those coming from North and sub-Saharan Africa. The underlying division of the world is no longer French vs nonFrench, nor even French-origin vs non-French-origin, but European-origin vs non-European-origin. Scientific debate is not spared the effects of this change, which bear on social realities as much as on scientific means of accounting for them. One of the most virulent intellectual controversies of the 1990s occurred between two researchers at the National Institute of Demographic Studies (INED) with respect to statistics about the foreign population: beyond the technical problems of definition and calculation, what was at stake was the scientific relevance of and the political justification for taking into account 'origin' in addition to nationality.14 Introducing statistical distinctions based on this criterion - using the category 'Fran?ais de souche' (of French stock) was tantamount to legitimizing a more profound difference than that which is established using legal status: it is only to recognize a social reality, argued one; it officializes a racialized discourse, replied the other. The avatars of racial discrimination One might ask at this point, is this difference 'racial', or is it possible to make a more socially acceptable argument that it is 'cultural'? Is the distinction between European and non-European populations - or more often and more implicitly, between populations of European and nonEuropean origin - not at heart a cultural incompatibility more than a biological unassimilability?15 Indeed, this argument has often served to keep discrimination free from the suspicion of racism (Taguieff, 1991). French public policy has for a long time maintained an ambiguity on the subject of immigrant/immigrant-origin populations, promoting, on the one hand, a rhetoric of equality and universalism, and on the other, special modes of treatment for these populations' problems, such as housing or health. To take an example from the medical arena, ethnopsychiatry, funded entirely by public money, gives specific treatment to both psychological disorders and cases of social deviance referred for diagnosis and treatment by doctors, social workers, even judges, when the patients or the delinquents happen to be of non-European origin and when this origin is presumed to be a source of particular difficulties in interpretation and handling. Cultural singularity, advocated by those in favour of this type of therapy, has in fact an essentially ethnic and even racial substrate which, along with the failure to take into account the social dimension of immigrant experiences, results in a form of 'naturalization' of culture, explicitly considered as an hereditary characteristic of the individual.16 More generally, one can say that all extreme thinking about difference, whether it be in the name of biology or culture, rests on an essentialist presupposition of otherness. The ambiguity of public action on the matter is best illustrated by the following paradox. While the sociological reality of the racialized body has recently been the object of increasing recognition and denunciation, the con- as measured by sequences of racism on the body itself evaluation have resisted and (Fassin mortality morbidity 1999). Without instruments to measure discrimination or research to understand it, it is presumed to be non-existent. None of the numerous official and scientific reports on the health situation in France presents data referring to this issue. In the case of AIDS, public health institutions waited until 1999, 18 years after the beginning of the epidemic, to publish the first report revealing the profound inequalities between French and foreigners in terms of incidence of the disease, earliness of detection and access to treatment. In the case of lead-poisoning caused by poor living conditions, official figures never mention the fact that, in the Paris region, all cases of severe intoxication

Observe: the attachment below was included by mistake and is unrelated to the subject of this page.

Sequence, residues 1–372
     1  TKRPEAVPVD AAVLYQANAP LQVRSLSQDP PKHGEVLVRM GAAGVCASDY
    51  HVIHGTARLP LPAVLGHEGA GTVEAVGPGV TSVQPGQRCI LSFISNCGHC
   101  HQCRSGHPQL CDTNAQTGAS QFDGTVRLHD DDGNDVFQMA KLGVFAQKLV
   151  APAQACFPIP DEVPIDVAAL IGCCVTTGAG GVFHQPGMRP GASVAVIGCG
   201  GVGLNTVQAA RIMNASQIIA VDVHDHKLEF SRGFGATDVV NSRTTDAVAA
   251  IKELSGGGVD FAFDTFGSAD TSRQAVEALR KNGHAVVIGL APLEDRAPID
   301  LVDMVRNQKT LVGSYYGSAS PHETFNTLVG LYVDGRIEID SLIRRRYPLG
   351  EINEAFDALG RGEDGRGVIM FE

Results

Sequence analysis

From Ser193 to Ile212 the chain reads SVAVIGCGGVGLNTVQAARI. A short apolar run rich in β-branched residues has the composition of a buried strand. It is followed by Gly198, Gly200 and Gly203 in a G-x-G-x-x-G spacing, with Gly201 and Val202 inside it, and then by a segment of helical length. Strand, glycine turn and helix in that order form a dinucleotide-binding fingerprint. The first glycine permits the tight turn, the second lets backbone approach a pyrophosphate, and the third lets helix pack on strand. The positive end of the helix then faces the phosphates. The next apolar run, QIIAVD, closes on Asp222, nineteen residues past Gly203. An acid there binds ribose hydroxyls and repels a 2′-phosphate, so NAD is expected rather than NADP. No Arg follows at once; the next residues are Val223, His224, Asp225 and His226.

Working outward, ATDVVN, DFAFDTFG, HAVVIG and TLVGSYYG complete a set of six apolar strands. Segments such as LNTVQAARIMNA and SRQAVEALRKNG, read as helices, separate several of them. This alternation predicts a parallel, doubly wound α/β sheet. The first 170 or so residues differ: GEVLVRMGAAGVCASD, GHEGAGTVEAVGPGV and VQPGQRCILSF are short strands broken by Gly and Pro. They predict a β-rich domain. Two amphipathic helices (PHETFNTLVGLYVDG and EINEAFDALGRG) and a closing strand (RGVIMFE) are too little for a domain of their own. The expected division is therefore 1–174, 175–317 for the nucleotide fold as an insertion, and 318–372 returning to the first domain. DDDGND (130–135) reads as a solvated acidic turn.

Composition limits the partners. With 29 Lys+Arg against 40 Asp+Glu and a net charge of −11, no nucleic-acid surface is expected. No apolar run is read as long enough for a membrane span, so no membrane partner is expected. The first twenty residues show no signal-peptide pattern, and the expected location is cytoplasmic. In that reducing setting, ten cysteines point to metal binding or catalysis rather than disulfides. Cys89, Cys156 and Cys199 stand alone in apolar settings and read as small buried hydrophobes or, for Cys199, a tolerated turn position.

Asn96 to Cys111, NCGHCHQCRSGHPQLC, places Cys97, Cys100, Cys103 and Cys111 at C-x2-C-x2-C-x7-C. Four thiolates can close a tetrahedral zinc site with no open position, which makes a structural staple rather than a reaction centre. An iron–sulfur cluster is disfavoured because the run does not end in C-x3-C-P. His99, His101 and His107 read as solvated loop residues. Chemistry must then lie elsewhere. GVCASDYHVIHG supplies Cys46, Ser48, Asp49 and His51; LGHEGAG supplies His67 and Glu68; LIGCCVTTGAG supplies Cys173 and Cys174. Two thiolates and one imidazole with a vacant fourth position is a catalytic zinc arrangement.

affected children of foreign families, 92% of them African. The denial of racial discrimination thus seems to reach its highest level where it is most tangible; that is, at the site of biological inscription itself. In fact, everything we know about the social determinants of health indicate that the racial discrimination which has been identified in diverse spheres of activity produces inequalities in life expectancy (Wilkinson, 1996). Republican universalism finds here its deepest contradiction - in the recognition that a difference read on the body can produce an inequality in terms of sickness and death. In the terms of Jean-Jacques Rousseau's famous discourse on inequality, the recognition that a 'natural or physical' difference, socially constructed as racial discrimination, can be at the origin of the most unacceptable 'political' or 'moral' inequality of all inequality of life expectancy would probably be the most radical invalidation of the human rights rhetoric so deeply bound to the French self-perception. biopolitics According to Agnes Heller (1996), biopolitics is 'intimately linked to the question of identity polities'. I have tried to show that it also implies necessarily a politics of otherness. Based on the recognition of 'difference of bodies' which have race, sex, ethnicity and genes as their foundation, biopolitics, as she interprets it, is 'ultimately defending the Body itself, its nature, integrity and health'. By renouncing 'membership in a common political body', biopolitics thus exemplifies a retreat from, and even a negation of 'politics' in the Arendtian sense of the recognition of human diversity from a universal perspective. However, examination of French immigration politics in the 1990s allows for a less pessimistic and more nuanced reading. The contemporary biopolitics of otherness in France rests on one major foundation: the recognition of the body as the ultimate site of political legitimacy. But this recognition takes two parallel paths. On the one hand, the suffering body manifests itself as the ultimate (but not unique) resource, supplanting all other social justifications for immigrants to be granted legal status and residing in a basic right to keep oneself alive as long as possible. This is a minimalist vision, but one which tends toward a universal horizon. On the other hand, the racialized body extends from the foreigner to the national and introduces internal frontiers founded on physical difference. This is a discriminatory concept, which creates hierarchies between people. In the first case, the reduction in political asylum is a corollary of the rise in the humanitarian rationale: the recognition of the suffering body imposes a legitimate order defining citizenship on purely physiopathological grounds. In the second, threats to human diversity lead to a response by civil society and the state, reminding us of shared political values: the recognition of the racialized body as principle of an illegitimate order allows for a measure of return to politics through the denunciation of this principle by the victims and their supporters. That is to say, despite common perceptions, biopolitics does not proceed by one logic. It demonstrates a tension, inscribed in the body, between the supreme universality of life (which allows a sans-papiers with AIDS to be recognized by the state in the name of his/her pathology) and the exaltation of difference, for which biology offers an apparently insurmountable foundation (allowing each person to perceive a natural source of inequality in the physical characteristics of others). If we can recognize, in an unusual form, the eternal anthropological theme of the unity and diversity of the human condition, the questions raised here certainly call for a renewed commitment from social scientists to the critique of the contemporary foundations of politics # A two-sided

2001 TODAY VOL17 NO 1, FEBRUARY ANTHROPOLOGY